I hope I already know the difference...


I have not killed him.

彼が殺してない(not the colloquial form of いない)

He has not been killed.

I heard that transitive verbs take ある while intransitive verbs take いる.

The classic example :

ドアが開いている (The door is open) ドアを開けてある (I have open the door)

However it does not always hold true as 知っている is used. I have never seen intransitive verb + ある

Furthermore ドアが開けてある is also possible using が instead to imply the readiness of the state instead of the intention.

ある implies the resultant state of an intentional action. いる implies progressive state but when the verb only happen for a moment, it implies the ongoing resultant state.

The usage of が an を are also confusing.

Does that mean...

彼を殺している and 彼を殺してある

Means "I have killed him"?


Means "He has killed (someone)"?


Means "He has been killed"?

I think intransitive verb can only be paired with いる to show resultant state. 死んでいる : have died.

  • Intransitive verbs can be paired with いる to show resultant state too. e.g. そこには行ってある: I have once been there.
    – user4092
    Dec 11, 2016 at 12:37

1 Answer 1


~てある always follows transitive verbs, and implies someone has (intentionally) done something. ~ている can follow both intransitive and transitive verbs.

  • 木が倒れている。: "A tree is lying." (by a wind, etc)
  • 木が倒れてある。: (ungrammatical; 倒れる is intransitive)
  • 木が倒れてない = 木が倒れていない: "A tree is not lying."
  • 木を倒してある。: I have laid a tree (in advance, for a purpose).
  • 木を倒している。: either "I am (currently) cutting a tree" or "I have (already) laid a tree"
  • 木を倒していない。: either "I am (currently) not cutting a tree" or "I have not laid a tree yet."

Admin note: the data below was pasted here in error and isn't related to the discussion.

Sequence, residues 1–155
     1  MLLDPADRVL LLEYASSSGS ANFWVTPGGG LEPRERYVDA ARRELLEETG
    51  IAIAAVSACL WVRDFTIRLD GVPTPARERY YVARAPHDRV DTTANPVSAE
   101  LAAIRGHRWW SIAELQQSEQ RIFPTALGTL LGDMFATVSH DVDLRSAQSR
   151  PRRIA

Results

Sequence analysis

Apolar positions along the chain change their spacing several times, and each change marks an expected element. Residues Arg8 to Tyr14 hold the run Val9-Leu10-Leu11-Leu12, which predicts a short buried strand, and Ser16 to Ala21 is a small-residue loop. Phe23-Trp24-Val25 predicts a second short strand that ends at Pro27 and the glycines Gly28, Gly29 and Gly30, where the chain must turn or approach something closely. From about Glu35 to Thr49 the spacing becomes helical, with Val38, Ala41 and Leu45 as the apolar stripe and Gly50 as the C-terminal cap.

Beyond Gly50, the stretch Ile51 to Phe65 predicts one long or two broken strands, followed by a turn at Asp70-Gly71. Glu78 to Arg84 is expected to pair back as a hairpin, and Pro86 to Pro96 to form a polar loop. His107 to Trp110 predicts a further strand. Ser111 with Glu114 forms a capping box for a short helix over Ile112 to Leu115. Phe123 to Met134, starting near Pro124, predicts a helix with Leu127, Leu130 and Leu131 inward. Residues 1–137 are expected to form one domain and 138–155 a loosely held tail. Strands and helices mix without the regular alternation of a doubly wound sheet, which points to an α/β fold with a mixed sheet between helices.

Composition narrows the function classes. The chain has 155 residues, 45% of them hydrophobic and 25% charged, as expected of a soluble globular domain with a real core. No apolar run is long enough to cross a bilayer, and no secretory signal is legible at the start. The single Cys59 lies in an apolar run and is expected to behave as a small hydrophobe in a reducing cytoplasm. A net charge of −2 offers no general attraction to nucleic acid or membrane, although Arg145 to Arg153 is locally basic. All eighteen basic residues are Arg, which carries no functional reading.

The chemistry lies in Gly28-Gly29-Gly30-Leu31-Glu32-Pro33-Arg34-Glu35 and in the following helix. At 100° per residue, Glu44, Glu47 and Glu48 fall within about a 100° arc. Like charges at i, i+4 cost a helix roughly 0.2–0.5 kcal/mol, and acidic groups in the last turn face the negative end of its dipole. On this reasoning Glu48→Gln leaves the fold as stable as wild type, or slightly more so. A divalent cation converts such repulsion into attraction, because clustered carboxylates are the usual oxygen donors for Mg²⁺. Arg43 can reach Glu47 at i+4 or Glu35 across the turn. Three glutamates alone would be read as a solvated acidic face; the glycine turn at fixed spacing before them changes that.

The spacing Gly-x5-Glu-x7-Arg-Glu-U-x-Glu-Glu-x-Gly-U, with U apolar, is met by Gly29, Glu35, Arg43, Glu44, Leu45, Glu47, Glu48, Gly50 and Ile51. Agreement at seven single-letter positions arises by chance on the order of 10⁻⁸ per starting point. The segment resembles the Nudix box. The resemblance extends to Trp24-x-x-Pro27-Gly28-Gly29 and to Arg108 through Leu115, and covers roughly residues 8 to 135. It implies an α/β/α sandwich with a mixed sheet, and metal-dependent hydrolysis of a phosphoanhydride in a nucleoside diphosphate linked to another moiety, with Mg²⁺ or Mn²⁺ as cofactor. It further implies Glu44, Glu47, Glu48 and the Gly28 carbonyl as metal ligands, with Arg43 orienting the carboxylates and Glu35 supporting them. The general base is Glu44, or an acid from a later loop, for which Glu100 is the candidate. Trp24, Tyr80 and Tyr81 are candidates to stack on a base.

Let's take a look at your example sentences.


"I have not killed him," yes. (Of course the implied subject can be someone other than 'I', but for the sake of brevity let's assume the subject is 'I' when it's omitted)


This is almost ungrammatical as a sentence (why が instead of は?). 彼は殺してない means "I haven't killed him (although I killed someone else)" or "He didn't kill (someone, and the killer is someone else)" depending on the context. You said "not the colloquial form of いない", but this must always be short for いない.

If you want to say "He has not been killed" using いる, it will be 彼は殺されていない using the passive form.


Either "I am killing him (just now)." or "I have already killed him." For the latter, 彼を殺してある is more natural.


"I have already killed him (in advance, for you/her/etc)."


"He is killing someone." or "He has already killed someone."


"He has already killed someone (in advance, for you/her/etc)."

  • I though that が can be used to imply the readiness of the object. セーターが出してある. ホテルの予約がしてある. 電気が消してある. Especially if you don't want to focus on the subject, but on the object instead. Is this a misconception or does not apply to animate objects?
    – Dekiru
    Dec 11, 2016 at 11:26
  • @Dekiru Oh, good point. 彼が殺してある doesn't work in the same way as 本が置いてある. Probably because 彼 is a living thing (we don't say 彼がある in the first place).
    – naruto
    Dec 11, 2016 at 11:47
  • It'd be more helpful to point out that 彼が殺してある is a part of (その人は)彼が殺してある.
    – user4092
    Dec 11, 2016 at 12:33

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